I’m a big fan of the front-mounted stereo speakers which you can hardly see in the screen bezel. They sound better than you’d expect, mainly because they’re not shooting sound away from you like most tablets do with rear-facing speakers.
Unfortunately you don’t get the same infinite-position kickstand as the Surface Pro 3. The baby Surface clicks into three positions, the first two being the same angles as the Pro 3, and the third giving much more of a lean – ideal for sketching or annotating.
Microsoft Surface 3 review: screen
One of the biggest attractions of the Surface Pro 3 is its larger screen: 12.1in versus the 10.6in of the Surface Pro 2. It’s still small by laptop standards, but just big enough to be usable for productivity and strike a good balance between size and portability.
The Surface 3’s screen is a step backwards, though. At 10.8in, it’s smaller than any laptop or Chromebook. Microsoft has changed it to a 3:2 aspect ratio which makes the tablet nicer to use in portrait mode than 16:9 Surfaces as it’s closer to the aspect ratio of paper. And since you can use the Surface Pro 3 pen with the Surface 3, those who want to draw or write will appreciate the more pad-like dimensions.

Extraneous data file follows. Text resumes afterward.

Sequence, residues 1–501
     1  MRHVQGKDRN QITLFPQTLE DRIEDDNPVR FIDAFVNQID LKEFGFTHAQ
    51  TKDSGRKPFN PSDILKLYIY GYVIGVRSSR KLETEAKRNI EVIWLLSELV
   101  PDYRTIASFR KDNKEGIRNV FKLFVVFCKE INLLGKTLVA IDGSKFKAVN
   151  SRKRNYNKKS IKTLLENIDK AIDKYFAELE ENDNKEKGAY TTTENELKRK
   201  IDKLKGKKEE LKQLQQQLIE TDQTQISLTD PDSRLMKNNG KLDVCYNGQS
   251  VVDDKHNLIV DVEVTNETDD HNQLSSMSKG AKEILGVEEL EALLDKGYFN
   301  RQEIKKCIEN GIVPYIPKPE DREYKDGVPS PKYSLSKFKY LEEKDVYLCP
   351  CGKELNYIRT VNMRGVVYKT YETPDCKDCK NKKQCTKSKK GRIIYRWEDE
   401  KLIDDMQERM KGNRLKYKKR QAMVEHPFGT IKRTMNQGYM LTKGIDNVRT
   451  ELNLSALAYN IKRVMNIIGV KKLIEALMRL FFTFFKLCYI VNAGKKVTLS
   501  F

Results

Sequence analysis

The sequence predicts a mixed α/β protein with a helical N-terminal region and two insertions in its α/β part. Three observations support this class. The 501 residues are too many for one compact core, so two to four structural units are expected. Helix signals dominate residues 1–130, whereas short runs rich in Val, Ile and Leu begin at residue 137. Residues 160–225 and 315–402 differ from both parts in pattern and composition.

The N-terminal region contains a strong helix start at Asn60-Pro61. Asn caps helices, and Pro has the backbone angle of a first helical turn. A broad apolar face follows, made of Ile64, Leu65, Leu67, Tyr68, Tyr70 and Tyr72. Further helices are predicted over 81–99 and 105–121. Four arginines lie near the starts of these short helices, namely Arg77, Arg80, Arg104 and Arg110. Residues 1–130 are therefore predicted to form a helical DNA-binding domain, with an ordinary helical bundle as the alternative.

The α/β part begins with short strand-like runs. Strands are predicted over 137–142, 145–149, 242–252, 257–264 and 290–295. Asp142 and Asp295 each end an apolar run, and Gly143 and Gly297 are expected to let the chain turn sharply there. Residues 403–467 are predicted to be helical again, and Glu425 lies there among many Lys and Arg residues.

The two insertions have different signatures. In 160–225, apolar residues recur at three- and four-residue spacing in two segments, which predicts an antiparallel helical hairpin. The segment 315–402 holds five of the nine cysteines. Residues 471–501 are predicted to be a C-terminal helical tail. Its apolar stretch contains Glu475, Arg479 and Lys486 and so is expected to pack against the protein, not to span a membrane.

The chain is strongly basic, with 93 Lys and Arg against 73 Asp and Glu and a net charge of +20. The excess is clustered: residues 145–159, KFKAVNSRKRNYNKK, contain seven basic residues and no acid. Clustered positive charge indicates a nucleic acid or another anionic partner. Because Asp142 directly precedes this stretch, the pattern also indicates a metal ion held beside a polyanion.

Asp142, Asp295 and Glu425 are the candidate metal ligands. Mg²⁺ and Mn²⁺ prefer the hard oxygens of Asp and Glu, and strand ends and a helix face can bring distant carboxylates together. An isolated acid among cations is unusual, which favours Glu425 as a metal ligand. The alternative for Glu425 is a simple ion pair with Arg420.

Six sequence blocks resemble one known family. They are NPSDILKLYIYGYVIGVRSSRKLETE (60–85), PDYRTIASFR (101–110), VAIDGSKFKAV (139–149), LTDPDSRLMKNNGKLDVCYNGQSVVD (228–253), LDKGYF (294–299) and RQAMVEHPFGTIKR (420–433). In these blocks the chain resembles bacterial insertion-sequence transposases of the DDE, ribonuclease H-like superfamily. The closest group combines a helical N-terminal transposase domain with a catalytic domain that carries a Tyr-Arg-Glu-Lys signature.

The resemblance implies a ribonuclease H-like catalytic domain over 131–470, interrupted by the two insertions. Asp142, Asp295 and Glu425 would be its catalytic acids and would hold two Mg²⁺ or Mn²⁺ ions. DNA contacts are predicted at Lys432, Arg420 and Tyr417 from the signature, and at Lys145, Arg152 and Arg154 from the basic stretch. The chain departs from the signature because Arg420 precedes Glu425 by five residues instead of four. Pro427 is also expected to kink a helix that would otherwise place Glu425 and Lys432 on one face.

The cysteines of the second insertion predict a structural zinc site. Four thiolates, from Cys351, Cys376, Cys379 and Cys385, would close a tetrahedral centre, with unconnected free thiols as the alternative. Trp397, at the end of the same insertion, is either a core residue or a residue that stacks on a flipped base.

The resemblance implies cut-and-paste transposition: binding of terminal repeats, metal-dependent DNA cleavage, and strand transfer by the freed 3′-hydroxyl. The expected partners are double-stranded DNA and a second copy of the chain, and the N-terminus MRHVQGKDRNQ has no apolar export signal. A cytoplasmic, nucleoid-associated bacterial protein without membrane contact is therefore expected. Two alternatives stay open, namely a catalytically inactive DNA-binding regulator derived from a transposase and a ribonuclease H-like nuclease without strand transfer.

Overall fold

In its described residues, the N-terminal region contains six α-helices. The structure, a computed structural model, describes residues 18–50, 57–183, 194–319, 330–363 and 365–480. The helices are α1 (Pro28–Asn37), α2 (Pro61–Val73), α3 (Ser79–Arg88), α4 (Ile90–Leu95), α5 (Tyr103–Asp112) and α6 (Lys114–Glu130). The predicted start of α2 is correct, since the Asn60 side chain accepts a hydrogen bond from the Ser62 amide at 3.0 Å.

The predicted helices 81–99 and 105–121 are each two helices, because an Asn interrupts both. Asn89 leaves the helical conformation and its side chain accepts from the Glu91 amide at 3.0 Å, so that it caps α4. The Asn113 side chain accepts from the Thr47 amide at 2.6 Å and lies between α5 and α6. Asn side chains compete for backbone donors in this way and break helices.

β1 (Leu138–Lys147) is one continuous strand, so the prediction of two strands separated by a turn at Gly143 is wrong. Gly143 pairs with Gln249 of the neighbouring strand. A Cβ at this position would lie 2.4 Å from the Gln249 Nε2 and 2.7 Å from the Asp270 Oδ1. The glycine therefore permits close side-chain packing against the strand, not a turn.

The resolution of 1920×1280 equates to a pixel density of 214ppi. That’s not particularly high, but if anything I’d prefer a lower resolution on a display of this size. Usually I’d say the opposite, but Windows doesn’t scale well and at the default text size everything is tiny. If you’re used to using Windows on a large or low-resolution screen, adjusting to the Surface 3 can take some time.
Having swapped my 15.6in office laptop for the Surface for the duration of the review, I’ve come to the conclusion that it’s possible to use a 10.8in screen for work. It’s just not that pleasant.
Microsoft says there are several reasons for making the Surface 3 smaller: to offer more choice, to give better battery life and to make it cheaper.
So if you were hoping for a less powerful, cheaper Surface Pro 3, bad luck. This is arguably a better Surface 2 which can run legacy Windows programs, but it’s not an alternative if you had your heart set on a 12in screen. Here are the two side by side:
Microsoft Surface 3 review: Usability